IGFBP5 is the most conserved IGFBP family member between different species. The human IGFBP5 gene consists of four exons spanning 33 kb of DNA and encodes a 34 kD protein (Allander et al., 1994). IGFBP5 is expressed at different levels in many human cell types, and one of its striking features is its cell- and tissue-type-dependent function (Beattie et al., 2006). IGFBP5 can bind to membrane components of many cells to mediate the biological activities independent of IGFs (Miyakoshi et al., 2001). In addition, IGFBP5 binds to its putative receptor and activates downstream signaling via MAPK (mitogen-activated protein kinase) and ERK1/2 (extracellular-signal-regulated kinase 1/2) signaling pathways (Kuemmerle and Zhou, 2002). The function of IGFBP5 also seems to be dependent on the cellular context since it can either stimulate or inhibit cell growth and differentiation in several cell types (Cobb et al., 2004; Salih et al., 2004). Furthermore, the expression of IGFBP5 is regulated by a network of stimuli acting through different transduction pathways (Yeh et al., 1998). Noticeably, CCAAT/enhancer binding proteins (C/EBP), a family of basic leucine zipper transcription factors known to be involved in the differentiation of several cell types, are implicated in the transcriptional control of IGFBP5 (Cesi et al., 2005).
RPE cells are able to produce variety of cytokines and growth factors that may play a role not only in the development, differentiation, and survival of retinal cells but also in several intraocular pathological conditions (Hayashi et al., 1996; Hicks, 1991). The RPE possesses receptors for IGFs and secretes IGF1 and IGF2 as well as IGFBPs (Yang and Chaum, 2003). The importance of cell specific expression of IGFBPs within the eye is to modulate the biological activity of IGFs. IGFBP5 secreted by RPE cells into the interphotoreceptor matrix can modulate IGF levels, which may affect neovascularization of the retina and iris (Punglia et al., 1997). The local expression of IGFBP5 in the ganglion and bipolar layer of neuronal retina regulate IGF1-mediated retinal neurogenesis in fish (Otteson et al., 2002). By microarray analysis we indentified IGFBP5 as a gene that is differentially expressed during 4HPR-induced neuronal differentiation of RPE cells. Here we present evidence that IGFBP5 is expressed in human RPE cells, and that its expression, mRNA and protein, are greatly decreased during the neuronal differentiation of RPE cells induced by 4HPR. We show that the regulation appears to be at the level of transcription and that it is mediated through C/EBPβ.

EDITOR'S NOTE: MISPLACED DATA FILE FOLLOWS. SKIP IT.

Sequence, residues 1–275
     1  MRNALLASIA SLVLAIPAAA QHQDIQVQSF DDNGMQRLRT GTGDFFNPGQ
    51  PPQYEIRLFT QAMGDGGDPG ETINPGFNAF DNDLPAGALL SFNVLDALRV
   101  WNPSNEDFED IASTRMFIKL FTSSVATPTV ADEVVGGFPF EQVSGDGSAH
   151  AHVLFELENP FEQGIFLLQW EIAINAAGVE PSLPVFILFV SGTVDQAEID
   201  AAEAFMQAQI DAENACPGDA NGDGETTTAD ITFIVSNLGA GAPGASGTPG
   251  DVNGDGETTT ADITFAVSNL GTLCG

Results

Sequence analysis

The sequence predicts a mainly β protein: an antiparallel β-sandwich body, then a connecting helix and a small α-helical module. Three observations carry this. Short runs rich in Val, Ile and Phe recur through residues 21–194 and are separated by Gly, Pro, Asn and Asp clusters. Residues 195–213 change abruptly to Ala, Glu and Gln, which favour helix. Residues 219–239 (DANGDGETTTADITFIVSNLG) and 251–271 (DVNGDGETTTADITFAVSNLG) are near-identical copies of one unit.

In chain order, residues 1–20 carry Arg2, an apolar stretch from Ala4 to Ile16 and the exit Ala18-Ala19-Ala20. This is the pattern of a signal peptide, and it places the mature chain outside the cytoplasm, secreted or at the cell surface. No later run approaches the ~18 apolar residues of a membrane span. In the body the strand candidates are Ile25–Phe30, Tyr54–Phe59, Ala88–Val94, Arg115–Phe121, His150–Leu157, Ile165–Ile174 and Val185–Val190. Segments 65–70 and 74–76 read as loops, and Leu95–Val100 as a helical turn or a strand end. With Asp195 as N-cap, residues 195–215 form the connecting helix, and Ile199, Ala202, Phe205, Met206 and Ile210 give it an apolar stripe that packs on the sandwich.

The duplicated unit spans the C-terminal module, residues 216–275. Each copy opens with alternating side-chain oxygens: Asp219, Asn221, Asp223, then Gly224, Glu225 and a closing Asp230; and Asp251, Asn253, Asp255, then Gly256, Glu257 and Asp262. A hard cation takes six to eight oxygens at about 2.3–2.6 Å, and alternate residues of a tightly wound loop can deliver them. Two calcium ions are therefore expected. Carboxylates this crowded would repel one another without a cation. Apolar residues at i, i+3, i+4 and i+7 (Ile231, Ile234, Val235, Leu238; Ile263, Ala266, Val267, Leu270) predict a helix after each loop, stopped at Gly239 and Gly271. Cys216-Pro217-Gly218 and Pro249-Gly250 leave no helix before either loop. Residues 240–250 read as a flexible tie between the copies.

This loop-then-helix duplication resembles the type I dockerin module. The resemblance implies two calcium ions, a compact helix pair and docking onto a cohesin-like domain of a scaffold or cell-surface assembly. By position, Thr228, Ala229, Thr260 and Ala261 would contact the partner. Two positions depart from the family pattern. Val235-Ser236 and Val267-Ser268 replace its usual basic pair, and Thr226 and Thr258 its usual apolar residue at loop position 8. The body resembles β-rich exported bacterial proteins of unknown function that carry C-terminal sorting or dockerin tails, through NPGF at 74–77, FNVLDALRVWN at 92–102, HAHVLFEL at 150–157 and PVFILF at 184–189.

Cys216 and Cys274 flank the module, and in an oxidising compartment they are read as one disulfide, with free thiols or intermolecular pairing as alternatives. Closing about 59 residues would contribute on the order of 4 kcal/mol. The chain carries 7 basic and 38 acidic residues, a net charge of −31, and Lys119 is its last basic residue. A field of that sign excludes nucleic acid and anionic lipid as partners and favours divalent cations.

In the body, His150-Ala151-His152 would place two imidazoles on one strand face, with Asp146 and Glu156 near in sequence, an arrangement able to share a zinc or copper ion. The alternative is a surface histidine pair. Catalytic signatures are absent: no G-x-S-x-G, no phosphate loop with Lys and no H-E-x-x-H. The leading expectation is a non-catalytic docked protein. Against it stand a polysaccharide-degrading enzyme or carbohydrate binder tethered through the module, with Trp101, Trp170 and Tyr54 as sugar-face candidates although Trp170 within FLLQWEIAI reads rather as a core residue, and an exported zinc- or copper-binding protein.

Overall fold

4HPR (N-(4-hydroxyphenyl)retinamide or fenretinide) was obtained from Biomol (Plymouth Meeting, PA). Monoclonal anti-IGFBP5 and anti-β-actin were from US Biologicals (Swampscott, MA). Recombinant Human IGFBP5, a 245 amino acid residue recombinant mature human IGFBP5, was from R&D Systems (Minneapolis, MN). The enhanced chemiluminescence (ECL) detection system and peroxidase-conjugated anti-rabbit and anti-mouse antibodies were from GE Healthcare Life Sciences (Piscataway, NJ). Dual-Luciferase® Reporter Assay System was purchased from Promega (Madison, WI). U0126 was purchased from Sigma (St. Louis, MO). C/EBPβ expression vector was kindly provided by Dr. P. Johnson of NCI, Frederick, USA. The wt IGFBP5 and C/EBP truncated IGFBP5 promoter reporter constructs were a kind gift of Dr. G. Raschella of ENEA Research Center Casaccia, Rome, Italy.
Human retinal pigment epithelial cells (ARPE-19 cells) obtained from ATCC (Manassas, VA) were grown in Dulbecco’s modified Eagle’s medium (DMEM) containing nutrient mixture F12 (Cellgro, VA) supplemented with 5% fetal bovine serum, penicillin (100 U/ml) and streptomycin (100 µg/ml) as described previously (Samuel et al., 2008). Cells were seeded at a density of 2 × 105 cells/ml in complete medium and allowed to grow overnight. The culture medium was replaced next day with fresh serum-free medium containing penicillin (100 U/ml) and streptomycin (100 µg/ml) before adding 1 µM of 4HPR. U0126, a MEK1/2 inhibitor, or recombinant IGFBP5 were added 1 h prior to the addition of 4HPR. Treatments were performed under subdued light and other conditions as reported previously (Samuel et al., 2001). All compounds were dissolved at a concentration of 10 mM in DMSO before adding to the cell culture medium. The controls received the same amount of DMSO. The cells were maintained at 37°C in a humidified environment of 5% CO2 in air.